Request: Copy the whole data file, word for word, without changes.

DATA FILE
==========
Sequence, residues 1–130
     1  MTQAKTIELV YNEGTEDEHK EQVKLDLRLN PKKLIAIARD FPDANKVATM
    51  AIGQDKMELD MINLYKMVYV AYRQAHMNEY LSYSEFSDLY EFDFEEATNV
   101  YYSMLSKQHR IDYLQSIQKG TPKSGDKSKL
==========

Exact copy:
Sequence, residues 1–130
     1  MTQAKTIELV YNEGTEDEHK EQVKLDLRLN PKKLIAIARD FPDANKVATM
    51  AIGQDKMELD MINLYKMVYV AYRQAHMNEY LSYSEFSDLY EFDFEEATNV
   101  YYSMLSKQHR IDYLQSIQKG TPKSGDKSKL